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In the study, researchers followed their study subjects from birth to their 20s and found a connection between their attachment style as infants and how they recovered from conflict in adult romantic relationships. The 20-something couples were asked to talk about a topic they disagreed on and then had a cool down period where they had a conversation about something they were in sync on. The researchers noticed that some partners had heated conflicts and yet were able to smoothly transition into chatting about a topic they agreed on, while in other partnerships, one or both partners would ruminate on the conflict topic, unable to get past the disagreement. Researchers found that people who had secure attachments to their caregivers as infants were better at moving past conflicts with their romantic partners two decades later.

But all is not lost if you or your husband didn’t have the most stable, reassuring parents growing up. You can still have a healthy relationship if one partner is secure and able to disengage from an argument rather than dwelling on a heated disagreement. According to the study author, “We found that people who were insecurely attached as infants but whose adult romantic partners recover well from conflict are likely to stay together. If one person can lead this process of recovering from conflict, it may buffer the other person and the relationship.”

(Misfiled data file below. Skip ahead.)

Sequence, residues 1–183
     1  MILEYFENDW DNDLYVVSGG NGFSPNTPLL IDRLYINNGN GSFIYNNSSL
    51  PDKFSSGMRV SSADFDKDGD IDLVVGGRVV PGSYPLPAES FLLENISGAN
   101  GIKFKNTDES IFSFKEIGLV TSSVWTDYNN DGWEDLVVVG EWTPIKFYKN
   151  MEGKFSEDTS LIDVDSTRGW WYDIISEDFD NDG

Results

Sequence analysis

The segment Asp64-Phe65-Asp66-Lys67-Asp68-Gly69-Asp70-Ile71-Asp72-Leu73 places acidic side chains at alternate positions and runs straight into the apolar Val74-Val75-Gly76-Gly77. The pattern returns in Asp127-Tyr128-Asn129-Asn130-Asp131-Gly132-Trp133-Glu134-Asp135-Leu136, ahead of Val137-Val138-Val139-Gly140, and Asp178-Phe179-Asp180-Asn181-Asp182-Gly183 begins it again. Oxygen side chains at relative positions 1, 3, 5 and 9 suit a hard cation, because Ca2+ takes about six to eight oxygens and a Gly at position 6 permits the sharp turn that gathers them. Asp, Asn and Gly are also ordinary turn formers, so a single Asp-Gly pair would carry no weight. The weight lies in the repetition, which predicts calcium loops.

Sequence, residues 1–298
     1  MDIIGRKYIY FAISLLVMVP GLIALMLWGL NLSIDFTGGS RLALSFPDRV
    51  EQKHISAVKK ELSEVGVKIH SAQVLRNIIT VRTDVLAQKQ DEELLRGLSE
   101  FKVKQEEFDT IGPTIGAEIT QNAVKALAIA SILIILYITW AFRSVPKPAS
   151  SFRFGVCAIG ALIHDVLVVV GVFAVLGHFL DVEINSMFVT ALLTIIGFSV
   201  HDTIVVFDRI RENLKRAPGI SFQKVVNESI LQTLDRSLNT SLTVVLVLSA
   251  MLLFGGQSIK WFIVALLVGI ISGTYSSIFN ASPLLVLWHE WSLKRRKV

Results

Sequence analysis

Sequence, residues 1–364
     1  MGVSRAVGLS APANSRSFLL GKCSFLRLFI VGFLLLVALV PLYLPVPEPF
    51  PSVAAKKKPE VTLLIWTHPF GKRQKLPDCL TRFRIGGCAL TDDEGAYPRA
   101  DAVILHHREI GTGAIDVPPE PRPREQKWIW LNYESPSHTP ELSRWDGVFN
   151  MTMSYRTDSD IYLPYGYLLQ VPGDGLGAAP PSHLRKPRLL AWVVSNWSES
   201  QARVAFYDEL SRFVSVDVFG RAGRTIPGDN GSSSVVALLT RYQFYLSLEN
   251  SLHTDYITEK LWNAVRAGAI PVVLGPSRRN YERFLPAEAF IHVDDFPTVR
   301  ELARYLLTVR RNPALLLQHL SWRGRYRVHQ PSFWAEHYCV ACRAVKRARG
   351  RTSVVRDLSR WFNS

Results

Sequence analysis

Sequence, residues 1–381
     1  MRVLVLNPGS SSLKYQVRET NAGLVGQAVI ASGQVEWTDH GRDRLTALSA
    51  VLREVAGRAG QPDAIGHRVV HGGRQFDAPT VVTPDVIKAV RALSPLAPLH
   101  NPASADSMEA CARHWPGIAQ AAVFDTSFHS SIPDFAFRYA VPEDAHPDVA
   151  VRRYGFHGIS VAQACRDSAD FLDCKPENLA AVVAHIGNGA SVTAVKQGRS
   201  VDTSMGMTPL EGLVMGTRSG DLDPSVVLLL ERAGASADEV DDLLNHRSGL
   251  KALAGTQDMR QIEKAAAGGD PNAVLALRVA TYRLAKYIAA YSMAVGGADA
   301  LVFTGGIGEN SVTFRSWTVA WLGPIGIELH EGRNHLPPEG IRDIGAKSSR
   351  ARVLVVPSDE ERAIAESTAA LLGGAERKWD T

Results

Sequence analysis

Fostering Healthy Communication

You and your partner are going to fight now and then. That’s a given. But while you may not always have control over what sets you off, you have control over how you handle the situation. By taking a deep breath and employing these smart strategies, you can keep your relationship in (healthy) fighting shape.

Stay on point. What exactly are you fighting for? And no, “being right” doesn’t count as an objective. “Healthy, positive communication in any relationship should start with the following: respect, consideration, empathy, an open mind and a calm tone,” notes Burke. “The next step requires each person to consider their objectives before communicating thoughts and feelings with the other.”

Being clear on your purpose—whether it’s asking for more help with chores around the house or convincing your mate that a new couch, not a ping-pong table, is a necessity in the household budget—keeps a quarrel from going into pointless (and sometimes) dangerous territory.

Adds Burke, “positive healthy communication is not confrontational or argumentative, rather it’s an attempt to get what one needs from his or her partner with the clear understanding that we must be willing to give to get. Finally, the key to successful resolution is not to focus on the problem—old or new—but instead to focus on the resolution.”

Watch your language. Research shows that choosing the right fighting words can keep an argument from turning nasty and sending stress levels skyrocketing. According to a study published the journal Health Psychology, couples who used cognitive processing words, such as “think,” “consider,” “understand,” “because,” or “reason,” during heated arguments showed smaller increases of stress-related, inflammatory chemicals than pairs who didn’t—and the effects lasted for more than 24 hours.